Scandinavian bits & bobs

Dorte gives us English readers a sneak peek at a Hakan Nesser novel not yet translated, A Completely Different Story, which at first I thought was Dorte’s commentary on the book. It does sound quite different in tone than the Van Veeteren series. This is the second in a series featuring Gunnar Barbarotti as the detective. Six Swedish tourists and a local teenager go to an island and things beging to go all over Lord of the Flies, with the murderer writing to Barberotti ahead of each of several murders.  Dorte says “interesting and engaging characters and environment, plus a compelling plot that made me race through five hundred pages because I had to know …”

ProfMike reviews Sjowall and Wahloo’s The Fire Engine that Disappeared. As he works through the series he points out that the ten books form a whole and that the ensemble cast is the hero. He also reveals that Colin Dexter, who introduced this volume in the reprint series, hadn’t read a Martin Beck book before being asked to introduce it.

Dave White at Do Some Damage says James Thompson’s Snow Angels rocks. So does Cathy at Kittling Books, She gives the setting and protagonist particularly high points, though she would not like to spend time in Finland during the winter.

A Swedish crime novel by Jens Lapidus translated to the screen (but not into English, alas) is pointed out by a blogger who generally writes about music therapy, bioethics, and Judaism rather than crime fiction. I’ll look forward to the promised review. Meanwhile – has anyone read this Swedish author? I’d like to know more.

Here’s an interesting CFP for a collection of scholarly essays on rape in crime fiction, with a particular emphasis on Scandinavian authors (but Anglophone crime fiction is fair game, too).

Katarina Gregersdotter and Berit Åström of Umeå University in Sweden and Tanya Horeck of Anglia Ruskin University in the UK invite contributions for a collection of essays, which will discuss and theorise the various roles that rape plays in contemporary Scandinavian and Anglophone crime fiction. . . .

The tremendous international publishing success of Stieg Larsson’s Millennium Trilogy is in no small part due to the power of his female protagonist, Lisbeth Salander. Described by Boyd Tonkin as ‘the most original heroine to emerge in crime fiction for many years,’ rape is central to Salander’s characterization; indeed, it is in response to the sexual crimes committed against her and other women that Salander derives her extraordinary mental and physical strength. What role does rape play in the formation of the contemporary female heroine of crime fiction? What role does it play in the formation of the contemporary male protagonist? How does Larsson’s work relate to female crime writers such as Val McDermid, Sue Grafton and Sara Paretsky?

This groundbreaking collection will explore the connections between contemporary Scandinavian and Anglophone crime fiction by focusing on rape, a subject that has long been central to crime novels but that has yet to be sufficiently explored, especially in a cross-cultural study. In addition to the questions raised above, topics may include, but are not limited to:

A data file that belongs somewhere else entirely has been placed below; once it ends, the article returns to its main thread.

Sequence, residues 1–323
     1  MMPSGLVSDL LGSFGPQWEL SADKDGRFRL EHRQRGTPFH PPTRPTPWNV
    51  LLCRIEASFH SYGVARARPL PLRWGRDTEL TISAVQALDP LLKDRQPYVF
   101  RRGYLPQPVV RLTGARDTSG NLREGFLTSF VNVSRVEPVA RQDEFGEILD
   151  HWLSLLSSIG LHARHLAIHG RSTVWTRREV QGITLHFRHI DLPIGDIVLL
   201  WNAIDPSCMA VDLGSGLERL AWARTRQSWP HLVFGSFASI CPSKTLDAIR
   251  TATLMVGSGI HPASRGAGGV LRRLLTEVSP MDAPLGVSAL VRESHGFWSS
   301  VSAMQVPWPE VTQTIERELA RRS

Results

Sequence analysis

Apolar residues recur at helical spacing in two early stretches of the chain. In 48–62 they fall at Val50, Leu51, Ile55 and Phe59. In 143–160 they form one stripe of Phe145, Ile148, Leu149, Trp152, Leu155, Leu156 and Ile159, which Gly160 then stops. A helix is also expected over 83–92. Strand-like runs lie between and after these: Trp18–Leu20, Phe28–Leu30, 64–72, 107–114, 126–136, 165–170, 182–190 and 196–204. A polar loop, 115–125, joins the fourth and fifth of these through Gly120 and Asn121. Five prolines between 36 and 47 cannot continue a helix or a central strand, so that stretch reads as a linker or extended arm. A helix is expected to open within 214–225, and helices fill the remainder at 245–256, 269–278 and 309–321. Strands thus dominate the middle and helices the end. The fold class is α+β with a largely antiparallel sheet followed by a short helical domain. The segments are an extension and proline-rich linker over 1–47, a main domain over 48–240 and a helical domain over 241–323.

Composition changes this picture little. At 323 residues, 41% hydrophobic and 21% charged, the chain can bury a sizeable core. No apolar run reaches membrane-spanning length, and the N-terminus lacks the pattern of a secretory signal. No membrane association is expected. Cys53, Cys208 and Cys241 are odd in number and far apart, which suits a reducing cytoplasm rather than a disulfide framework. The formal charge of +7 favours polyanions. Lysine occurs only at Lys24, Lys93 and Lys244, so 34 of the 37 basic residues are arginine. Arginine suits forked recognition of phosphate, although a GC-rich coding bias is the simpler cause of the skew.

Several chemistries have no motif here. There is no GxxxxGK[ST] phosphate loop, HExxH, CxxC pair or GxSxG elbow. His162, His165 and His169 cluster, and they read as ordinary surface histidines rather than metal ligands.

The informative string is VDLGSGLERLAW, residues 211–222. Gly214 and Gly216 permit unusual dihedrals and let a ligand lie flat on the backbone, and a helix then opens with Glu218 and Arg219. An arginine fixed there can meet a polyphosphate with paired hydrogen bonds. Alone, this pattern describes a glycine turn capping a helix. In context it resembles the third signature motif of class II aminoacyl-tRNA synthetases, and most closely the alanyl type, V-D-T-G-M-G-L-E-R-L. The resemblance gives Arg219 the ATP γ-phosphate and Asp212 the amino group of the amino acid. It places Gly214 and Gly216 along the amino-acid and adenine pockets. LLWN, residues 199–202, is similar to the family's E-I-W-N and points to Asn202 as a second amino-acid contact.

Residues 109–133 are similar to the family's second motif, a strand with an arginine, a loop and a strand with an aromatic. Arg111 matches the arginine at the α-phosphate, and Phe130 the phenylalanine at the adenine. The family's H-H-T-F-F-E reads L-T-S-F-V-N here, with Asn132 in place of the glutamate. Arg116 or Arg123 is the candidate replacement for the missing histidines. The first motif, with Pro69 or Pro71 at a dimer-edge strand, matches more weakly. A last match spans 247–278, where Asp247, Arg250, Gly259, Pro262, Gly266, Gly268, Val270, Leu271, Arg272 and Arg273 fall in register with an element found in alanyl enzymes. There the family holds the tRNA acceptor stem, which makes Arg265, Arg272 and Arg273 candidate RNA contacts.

• rape and the rise of the female protagonist
• rape, feminism, and agency in the contemporary crime novel
• victimisation and heroism
• the effects of rape on victim and perpetrator
•masochism, sadism and the body
• rape, emotion and affect
• rape and sexual, social and cultural politics.

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4 thoughts on “Scandinavian bits & bobs

  1. what an interesting blog you have, mine, you are right about bioethics and music therapy, my specialities, but I also write about dynamics in judaism in Scandinavia, and since Lapidus is part of the Jewish community where I work as a Cantor, I included his success in my blog. The film certainly will have English subtitels as all of Bergmans films do, for all that huge none Swedish speakers public, I also mentioned that his titels have been translated to 28 languages in my post, it surprises me you had not heard of him.

    • How kind of you to respond. So far a I can tell, there are no English translations of his work, but I did seem many other languages when I checked WorldCat. I will keep an eye out for his work and for the film.

  2. The book, first in a series (at least it has a subtitle going “Stockholm Crime” in germany, “Stockholm noir” in France”) follows the (mis)adventures of a wannabee Yuppie, who gets into dealing drugs in order to finance his weekend partying with the richer “friends”. In parallel it follows a dealer who gets thrown into jail after being sacrificed by his “employers” the serbian mafia whose leadership struggles in intself comprises the third story-thread. All these stories interconnect at one or the other intersection of the story.
    What I find remarkable is, that Lapidus has not created one protagonist you can really root dor. Instead this is a dirty, gritty thriller about gangsters vs. mobsters vs. criminals. No “Save-The-Day-Hero” Policeman or something like this. Quite unusual but a good style. It took me but two days to finish it (First book is called “Feel the Fear” in Germany) and I will read the next.

  3. To echo the previous commenter, I’ve also read the first book in German. And I can only agree – not the sort of thing I’d normally enjoy, very hip and edgy, definitely bad guys versus worse guys without anyone you’d call a hero, but very well written, and I found myself caught up by the style almost in spite of my regular tastes.

    Wouldn’t necessarily *buy* book two, but I’d definitely read it if it crossed my path.

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